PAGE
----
So who fault is that?

The answer is that fault lies on both sides of the relationship. The reason why people relinquish control to someone else for the decisions is that in doing so we have a safety net in place, we have someone to blame if things don’t go the way that we want. We want someone to lead us because it is a lot more challenging to lead ourselves

The other side of the coin is that many business coaches and advisors are ex-corporates themselves. They have spent years managing staff as well as fulfilling their own job role and expertise. So when faced with someone who wants/needs their help they fall back into the leader/manager role, one in which they have been comfortable for so long.

So what’s the solution?

Whether you’re a business advisor or someone who is looking for support in developing your business, it is still important to seek advice and support but to do so you have to forge a new kind of relationship. It’s not about boss and employee, nor is it about expert and novice, it is two individuals coming together to create something that neither of them could on their own. The act of co-creation makes every business interaction unique and every relationship unique. This is how we can develop a business relationship where both parties are equal and both get the true benefit from working with each other.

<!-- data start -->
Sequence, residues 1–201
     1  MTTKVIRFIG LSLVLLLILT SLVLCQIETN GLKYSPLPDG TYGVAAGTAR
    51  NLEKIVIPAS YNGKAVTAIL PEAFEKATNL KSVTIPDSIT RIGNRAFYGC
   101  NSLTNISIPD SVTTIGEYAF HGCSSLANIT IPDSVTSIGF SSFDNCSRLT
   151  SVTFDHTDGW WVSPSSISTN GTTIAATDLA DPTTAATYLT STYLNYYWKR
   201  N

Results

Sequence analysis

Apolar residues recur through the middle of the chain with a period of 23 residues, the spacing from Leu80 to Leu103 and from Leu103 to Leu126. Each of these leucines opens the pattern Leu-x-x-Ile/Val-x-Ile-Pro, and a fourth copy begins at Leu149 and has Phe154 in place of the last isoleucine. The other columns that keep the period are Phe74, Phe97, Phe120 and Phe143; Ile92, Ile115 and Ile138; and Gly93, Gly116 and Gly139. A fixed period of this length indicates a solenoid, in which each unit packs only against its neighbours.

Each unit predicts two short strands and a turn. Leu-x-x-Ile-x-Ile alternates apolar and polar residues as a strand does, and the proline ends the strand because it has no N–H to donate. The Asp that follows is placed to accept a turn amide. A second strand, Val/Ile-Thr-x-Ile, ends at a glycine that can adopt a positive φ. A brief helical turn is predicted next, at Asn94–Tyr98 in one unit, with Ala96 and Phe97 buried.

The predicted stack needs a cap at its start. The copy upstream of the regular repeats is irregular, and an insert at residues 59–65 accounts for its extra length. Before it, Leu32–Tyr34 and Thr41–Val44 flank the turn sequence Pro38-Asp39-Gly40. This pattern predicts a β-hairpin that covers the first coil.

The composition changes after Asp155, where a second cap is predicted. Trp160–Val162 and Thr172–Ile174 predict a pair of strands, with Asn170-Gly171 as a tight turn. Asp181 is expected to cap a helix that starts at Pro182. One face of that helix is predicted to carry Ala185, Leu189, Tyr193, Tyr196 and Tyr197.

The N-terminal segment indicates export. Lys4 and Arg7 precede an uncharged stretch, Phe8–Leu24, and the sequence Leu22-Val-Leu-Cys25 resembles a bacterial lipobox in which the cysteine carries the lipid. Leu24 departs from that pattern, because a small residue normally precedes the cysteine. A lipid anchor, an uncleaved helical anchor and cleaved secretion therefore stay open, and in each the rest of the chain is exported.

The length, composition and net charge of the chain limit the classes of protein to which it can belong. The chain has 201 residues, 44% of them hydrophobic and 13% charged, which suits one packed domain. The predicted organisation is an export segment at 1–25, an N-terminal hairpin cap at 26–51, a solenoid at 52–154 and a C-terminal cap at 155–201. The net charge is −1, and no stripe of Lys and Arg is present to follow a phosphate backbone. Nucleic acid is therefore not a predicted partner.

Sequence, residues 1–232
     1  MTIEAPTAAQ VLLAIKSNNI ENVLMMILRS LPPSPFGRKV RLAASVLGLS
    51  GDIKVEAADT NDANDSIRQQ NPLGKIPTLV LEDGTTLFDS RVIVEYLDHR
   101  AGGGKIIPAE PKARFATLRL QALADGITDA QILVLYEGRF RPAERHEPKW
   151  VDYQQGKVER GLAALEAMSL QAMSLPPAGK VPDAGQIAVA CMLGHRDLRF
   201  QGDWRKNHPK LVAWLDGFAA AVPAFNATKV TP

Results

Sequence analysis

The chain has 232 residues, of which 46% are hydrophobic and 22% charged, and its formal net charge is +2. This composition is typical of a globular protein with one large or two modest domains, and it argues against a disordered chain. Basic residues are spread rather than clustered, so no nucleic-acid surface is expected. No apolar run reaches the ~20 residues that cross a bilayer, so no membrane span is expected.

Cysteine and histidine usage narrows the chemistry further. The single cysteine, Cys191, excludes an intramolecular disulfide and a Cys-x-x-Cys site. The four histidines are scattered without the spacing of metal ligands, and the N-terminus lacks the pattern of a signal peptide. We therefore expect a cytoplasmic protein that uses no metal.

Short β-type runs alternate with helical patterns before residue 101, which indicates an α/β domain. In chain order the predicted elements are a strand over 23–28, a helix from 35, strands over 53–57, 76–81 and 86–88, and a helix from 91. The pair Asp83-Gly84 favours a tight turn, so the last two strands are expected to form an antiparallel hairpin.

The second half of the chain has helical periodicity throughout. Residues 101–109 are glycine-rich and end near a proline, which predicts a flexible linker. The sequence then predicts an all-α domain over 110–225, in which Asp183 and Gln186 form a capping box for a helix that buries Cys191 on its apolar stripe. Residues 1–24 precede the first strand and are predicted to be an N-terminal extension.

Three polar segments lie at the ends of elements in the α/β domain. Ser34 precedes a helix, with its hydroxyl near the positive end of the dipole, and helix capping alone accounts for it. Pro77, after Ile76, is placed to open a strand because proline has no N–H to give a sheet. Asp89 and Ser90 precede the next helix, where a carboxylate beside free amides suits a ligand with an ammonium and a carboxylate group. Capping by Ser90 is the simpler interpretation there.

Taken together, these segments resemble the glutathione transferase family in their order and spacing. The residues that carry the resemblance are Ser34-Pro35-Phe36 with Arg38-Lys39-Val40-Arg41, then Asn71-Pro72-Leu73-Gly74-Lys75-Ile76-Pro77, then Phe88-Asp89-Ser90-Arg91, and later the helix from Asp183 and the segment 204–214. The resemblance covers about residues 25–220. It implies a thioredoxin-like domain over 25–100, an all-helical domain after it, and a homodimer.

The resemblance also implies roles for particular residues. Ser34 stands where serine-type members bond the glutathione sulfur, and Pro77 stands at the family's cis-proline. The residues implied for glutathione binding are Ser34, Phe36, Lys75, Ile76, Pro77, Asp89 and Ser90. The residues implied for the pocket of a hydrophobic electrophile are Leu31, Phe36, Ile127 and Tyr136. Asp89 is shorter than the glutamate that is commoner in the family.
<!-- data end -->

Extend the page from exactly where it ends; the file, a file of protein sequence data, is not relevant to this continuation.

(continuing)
If you’ve just hired a business coach and realised that you got another boss then sack this one as well and hire yourself a co-creator. Someone who views you as an equal in the relationship and will let you stay in charge of your own business.

Every day is a school day

Every day is a school day, find out who to make the most of the valuable trying opportunities that happen every day.

Every day is a school day

I’m sure you’ve heard the expression that ‘every day is a school day’, well I was having a conversation the other day with someone who was feeling frustrated that they never had enough time for training. They knew that they needed to learn new skills, to pick up new ideas and techniques but they just didn’t have enough time. They kept seeing training courses that they wanted to go on but couldn’t spare the time out of their business. Whilst it was only a day here and there it was just too much time for them to be not earning money.

“You just need to prioritise” (?)

Now most people’s first response to this would be that you need to prioritise your own development, you need to make sure that you’re paying as much attention to yourself as you do to your customers and staff. In one sense I completely agree, we should prioritise ourselves. Without us, there wouldn’t be a business. Without our own development, you limit the opportunity for business development. So yes you need to find the time for self-improvement, yes you need to take the time to go on courses, webinars and training programmes.

Missing the point